Constitutional showdown: Church forbidden from opposing same sex marriage and adoption rights.

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    Dec 31, 2009 6:45 AM GMT
    Well, this is getting more interesting by the minute. You all know (hopefully) that Mexico City passed a gender neutral marriage bill AND gave adoption rights to people in same sex marriages.

    Do anyone expected the Catholic Church to keep quiet? Of course not. They had made their opposition known stridently. They and other smaller churches are already trying to come up with a plan to bring down the law in court and to get the people to oppose the law. They even let the president of one of the most traditionalist groups of parents use the Metropolitan Cathedral pulpit to call to action against this law... (Edit: And all that while claiming they wouldn't be "caught dead" promoting homophobia)

    Perhaps all that in the U.S. would be deplorable but legally kosher. Not so in Mexico where the federal constitution forbids the Church from opposing the laws of the country in public and from gathering to plot against them. The same sex marriage law has already passed the Legislative Assembly and has already been signed by the Chief of Goverment; so they are now forbidden from opposing it anymore. Of course, non-clergy Catholics are free to do so on their own.

    Lawmakers have already called for the federal government to put a halt to the Church opposition to the law and for good measure added the charge of hypocrisy by revealing that mexican late Cardinal Corripio left behind lots of kids, one even named the same as him (Edit: They just withdrew this one because they "Can't produce evidence"... oh well).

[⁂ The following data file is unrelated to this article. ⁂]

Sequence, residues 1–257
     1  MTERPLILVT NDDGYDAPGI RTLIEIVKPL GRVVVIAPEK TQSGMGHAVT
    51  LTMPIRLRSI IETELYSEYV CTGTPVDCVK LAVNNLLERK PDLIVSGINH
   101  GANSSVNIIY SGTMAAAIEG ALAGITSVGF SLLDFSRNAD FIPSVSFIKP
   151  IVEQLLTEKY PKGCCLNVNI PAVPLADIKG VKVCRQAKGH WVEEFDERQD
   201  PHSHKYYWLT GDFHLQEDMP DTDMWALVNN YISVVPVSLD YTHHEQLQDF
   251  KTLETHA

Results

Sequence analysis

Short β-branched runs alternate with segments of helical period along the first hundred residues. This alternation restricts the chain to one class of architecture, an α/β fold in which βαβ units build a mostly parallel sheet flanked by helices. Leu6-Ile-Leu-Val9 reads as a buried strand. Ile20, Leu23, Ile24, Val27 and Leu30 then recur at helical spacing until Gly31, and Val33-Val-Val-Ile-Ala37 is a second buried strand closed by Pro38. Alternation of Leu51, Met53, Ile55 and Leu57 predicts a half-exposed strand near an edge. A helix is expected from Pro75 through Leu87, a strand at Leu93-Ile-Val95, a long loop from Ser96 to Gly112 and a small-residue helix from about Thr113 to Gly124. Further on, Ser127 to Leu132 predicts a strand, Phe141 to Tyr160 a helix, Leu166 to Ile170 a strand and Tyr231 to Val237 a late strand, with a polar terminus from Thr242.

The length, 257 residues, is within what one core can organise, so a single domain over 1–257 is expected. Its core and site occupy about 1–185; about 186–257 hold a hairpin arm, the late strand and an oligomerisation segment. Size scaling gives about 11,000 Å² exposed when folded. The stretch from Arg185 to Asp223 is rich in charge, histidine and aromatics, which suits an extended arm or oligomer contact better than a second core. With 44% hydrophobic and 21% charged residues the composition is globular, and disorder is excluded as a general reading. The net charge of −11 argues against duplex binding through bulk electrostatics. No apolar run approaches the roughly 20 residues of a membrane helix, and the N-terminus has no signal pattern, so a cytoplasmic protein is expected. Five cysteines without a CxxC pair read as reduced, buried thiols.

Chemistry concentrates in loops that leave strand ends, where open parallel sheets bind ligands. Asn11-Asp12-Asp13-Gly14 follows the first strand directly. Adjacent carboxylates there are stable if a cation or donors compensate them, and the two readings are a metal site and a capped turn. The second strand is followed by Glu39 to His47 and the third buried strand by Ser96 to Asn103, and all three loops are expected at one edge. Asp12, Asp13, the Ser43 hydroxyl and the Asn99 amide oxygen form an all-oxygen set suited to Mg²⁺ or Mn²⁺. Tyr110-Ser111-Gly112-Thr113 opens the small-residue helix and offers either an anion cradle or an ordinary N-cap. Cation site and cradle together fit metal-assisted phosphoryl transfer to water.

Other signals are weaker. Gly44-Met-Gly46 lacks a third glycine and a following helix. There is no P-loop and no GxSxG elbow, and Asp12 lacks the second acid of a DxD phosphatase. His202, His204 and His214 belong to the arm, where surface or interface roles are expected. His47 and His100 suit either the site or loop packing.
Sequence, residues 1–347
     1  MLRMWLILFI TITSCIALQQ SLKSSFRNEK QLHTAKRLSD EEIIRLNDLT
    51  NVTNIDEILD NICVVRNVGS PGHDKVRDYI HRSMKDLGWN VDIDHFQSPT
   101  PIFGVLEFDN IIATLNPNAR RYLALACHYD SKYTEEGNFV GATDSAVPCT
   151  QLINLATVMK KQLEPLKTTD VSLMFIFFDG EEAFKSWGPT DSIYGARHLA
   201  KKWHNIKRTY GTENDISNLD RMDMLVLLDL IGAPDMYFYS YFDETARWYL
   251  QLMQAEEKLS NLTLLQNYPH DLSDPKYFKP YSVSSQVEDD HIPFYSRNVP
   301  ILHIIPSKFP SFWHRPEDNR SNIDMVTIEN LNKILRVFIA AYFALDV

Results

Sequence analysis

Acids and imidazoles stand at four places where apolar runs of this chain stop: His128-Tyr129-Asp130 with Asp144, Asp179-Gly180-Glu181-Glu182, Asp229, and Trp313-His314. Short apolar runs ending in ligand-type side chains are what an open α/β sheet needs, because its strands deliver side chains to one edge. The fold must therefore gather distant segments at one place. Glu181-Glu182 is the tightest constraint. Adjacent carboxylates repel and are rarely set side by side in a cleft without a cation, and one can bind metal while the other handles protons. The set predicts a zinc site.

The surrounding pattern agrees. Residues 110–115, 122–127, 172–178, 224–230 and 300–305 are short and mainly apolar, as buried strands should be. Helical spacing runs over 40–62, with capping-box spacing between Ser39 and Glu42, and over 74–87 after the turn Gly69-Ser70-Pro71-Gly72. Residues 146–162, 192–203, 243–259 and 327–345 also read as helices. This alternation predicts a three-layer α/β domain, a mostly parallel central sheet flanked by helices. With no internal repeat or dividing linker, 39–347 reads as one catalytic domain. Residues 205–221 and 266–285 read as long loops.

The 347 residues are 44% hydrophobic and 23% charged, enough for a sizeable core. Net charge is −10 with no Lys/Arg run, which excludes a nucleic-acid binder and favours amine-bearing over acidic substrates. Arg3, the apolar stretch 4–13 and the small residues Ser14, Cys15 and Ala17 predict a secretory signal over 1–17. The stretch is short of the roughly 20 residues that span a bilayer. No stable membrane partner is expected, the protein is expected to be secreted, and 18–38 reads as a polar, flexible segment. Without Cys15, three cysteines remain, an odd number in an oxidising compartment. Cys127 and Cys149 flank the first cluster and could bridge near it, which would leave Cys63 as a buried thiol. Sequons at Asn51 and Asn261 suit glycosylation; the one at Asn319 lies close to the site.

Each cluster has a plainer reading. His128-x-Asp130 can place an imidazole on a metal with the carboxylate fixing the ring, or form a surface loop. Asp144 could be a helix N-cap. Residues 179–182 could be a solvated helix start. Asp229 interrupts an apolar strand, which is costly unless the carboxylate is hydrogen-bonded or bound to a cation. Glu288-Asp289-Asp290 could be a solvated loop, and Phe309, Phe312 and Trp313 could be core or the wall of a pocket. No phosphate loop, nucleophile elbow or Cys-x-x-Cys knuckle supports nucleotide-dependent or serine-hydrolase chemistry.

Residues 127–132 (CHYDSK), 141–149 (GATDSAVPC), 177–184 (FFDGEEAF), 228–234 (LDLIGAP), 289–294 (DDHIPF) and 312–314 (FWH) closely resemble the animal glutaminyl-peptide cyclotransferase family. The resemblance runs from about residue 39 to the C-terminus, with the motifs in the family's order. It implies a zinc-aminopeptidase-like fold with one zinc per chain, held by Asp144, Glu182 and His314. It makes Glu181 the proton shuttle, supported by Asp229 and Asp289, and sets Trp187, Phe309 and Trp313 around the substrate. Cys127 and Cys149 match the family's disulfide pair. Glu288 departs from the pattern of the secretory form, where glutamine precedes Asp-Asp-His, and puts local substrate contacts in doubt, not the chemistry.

The Church hierarchy in Mexico and its most conservative wings are livid, the Pro-Gay groups gloating and some of us looking in amazement and wondering if things might get out of hand...

    More as this develops... but, meanwhile, what's your take on the way the fight is going here?

    Sources:

    http://www.oem.com.mx/elsoldemexico/notas/n1459929.htm

    http://www2.esmas.com/noticierostelevisa/mexico/df/126115/prd-aldf-pide-sancionar-iglesia-catolica

    http://www.milenio.com/node/349967
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    Dec 31, 2009 9:03 AM GMT
    Engineer saidPerhaps all that in the U.S. would be deplorable but legally kosher. Not so in Mexico where the federal constitution forbids the Church from opposing the laws of the country in public and from gathering to plot against them.
    icon_lol.gif Separation of church and state is awesome!! we need more of that here icon_redface.gif
  • metta

    Posts: 39079

    Dec 31, 2009 9:22 AM GMT
    Fascinating! Please keep us posted.
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    Dec 31, 2009 9:36 AM GMT
    The Catholic Church also has been opposing same-sex marriage in the US.
  • Nodak

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    Dec 31, 2009 1:51 PM GMT
    The only logical way out of this is to have the Government stop giving out marriage licenses and only issue "civil union" paperwork. Give "marriage" back to the churches. If a church wishes to honor same sex marriage they may do so. Obviously existing marriage licenses would be "grandfathered" in but after a given date only civil unions would be recognized by Government entities. It gives all persons the same rights and protects churches which object to same sex marriage.
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    Dec 31, 2009 2:12 PM GMT
    This is not going to end well.
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    Dec 31, 2009 2:23 PM GMT
    Yes. The churches in America have no right to interfere with the laws of this land.